Cervical Cancer (CC) is the fourth leading cause of cancer deaths in women worldwide and is associated directly with Human papillomavirus (HPV) infection. Many authors have reported that HPV can immortalize human cells without leading to cell transformation by itself. Thus, cervical carcinogenesis is a multistep process involving HPV infection and additional alterations. In 2005, canonical Wnt signaling pathway activation was proposed as a second hit during epithelial malignant transformation but this hypothesis remains controversial. However, it is undeniable that Wnt signaling pathway is altered during CC progression.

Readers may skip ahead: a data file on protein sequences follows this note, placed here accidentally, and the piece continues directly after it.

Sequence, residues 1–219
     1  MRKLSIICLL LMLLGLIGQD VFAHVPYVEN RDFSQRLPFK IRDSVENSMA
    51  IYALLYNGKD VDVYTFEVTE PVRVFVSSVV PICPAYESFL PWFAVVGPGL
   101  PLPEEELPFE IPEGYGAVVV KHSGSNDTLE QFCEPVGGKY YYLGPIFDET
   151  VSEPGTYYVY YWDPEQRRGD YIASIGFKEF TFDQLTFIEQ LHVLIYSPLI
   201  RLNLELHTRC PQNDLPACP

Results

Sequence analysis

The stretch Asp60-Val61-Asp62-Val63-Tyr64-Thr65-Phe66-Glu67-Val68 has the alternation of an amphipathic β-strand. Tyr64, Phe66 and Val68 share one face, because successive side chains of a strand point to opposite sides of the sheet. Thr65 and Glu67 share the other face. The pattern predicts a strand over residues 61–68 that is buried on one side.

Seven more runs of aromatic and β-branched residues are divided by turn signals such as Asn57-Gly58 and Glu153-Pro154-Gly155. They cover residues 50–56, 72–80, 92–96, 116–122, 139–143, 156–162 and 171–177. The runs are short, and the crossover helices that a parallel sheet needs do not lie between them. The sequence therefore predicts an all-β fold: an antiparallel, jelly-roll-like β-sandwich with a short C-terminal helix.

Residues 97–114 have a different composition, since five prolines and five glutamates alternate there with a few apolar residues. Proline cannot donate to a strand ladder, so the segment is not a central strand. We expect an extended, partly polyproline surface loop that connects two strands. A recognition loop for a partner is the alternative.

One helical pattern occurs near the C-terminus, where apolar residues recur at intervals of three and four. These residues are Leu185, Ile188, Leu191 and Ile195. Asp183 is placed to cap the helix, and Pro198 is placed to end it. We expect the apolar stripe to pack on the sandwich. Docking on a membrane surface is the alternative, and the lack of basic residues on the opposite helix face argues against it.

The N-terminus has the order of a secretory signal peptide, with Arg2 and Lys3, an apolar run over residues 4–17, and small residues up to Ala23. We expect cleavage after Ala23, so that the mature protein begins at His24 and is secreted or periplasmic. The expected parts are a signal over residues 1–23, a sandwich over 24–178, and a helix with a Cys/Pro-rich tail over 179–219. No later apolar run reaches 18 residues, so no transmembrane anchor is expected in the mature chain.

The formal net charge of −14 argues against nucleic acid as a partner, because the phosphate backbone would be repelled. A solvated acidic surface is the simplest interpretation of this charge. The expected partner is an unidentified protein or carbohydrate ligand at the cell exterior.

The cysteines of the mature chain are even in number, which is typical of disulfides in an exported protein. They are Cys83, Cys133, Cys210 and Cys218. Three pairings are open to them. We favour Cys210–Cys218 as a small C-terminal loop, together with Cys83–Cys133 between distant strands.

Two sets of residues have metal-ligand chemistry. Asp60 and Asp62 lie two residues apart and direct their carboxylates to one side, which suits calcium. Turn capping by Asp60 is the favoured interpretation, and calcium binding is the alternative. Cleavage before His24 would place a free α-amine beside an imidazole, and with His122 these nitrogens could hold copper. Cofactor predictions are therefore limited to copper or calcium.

The Wnt signaling pathway participates in cell differentiation, proliferation, migration, cell polarity, and cell fate determination, playing an important role during embryogenesis, tissue regeneration, stem cell maintenance, homeostasis, and under pathologic conditions including cancer. At least three different pathways have been described: the canonical Wnt/β-catenin cascade, and two non-canonical pathways: the Planar cell polarity (PCP) pathway and the Wnt/Ca2+ pathway. Neither the 19 Wnt ligands nor the 10 Frizzled receptors described to date can be classified as activators of one or another signaling pathway. Indeed, although it appears that some ligands preferentially activate a specific pathway, factors such as cell context, receptors, and inhibitors require consideration.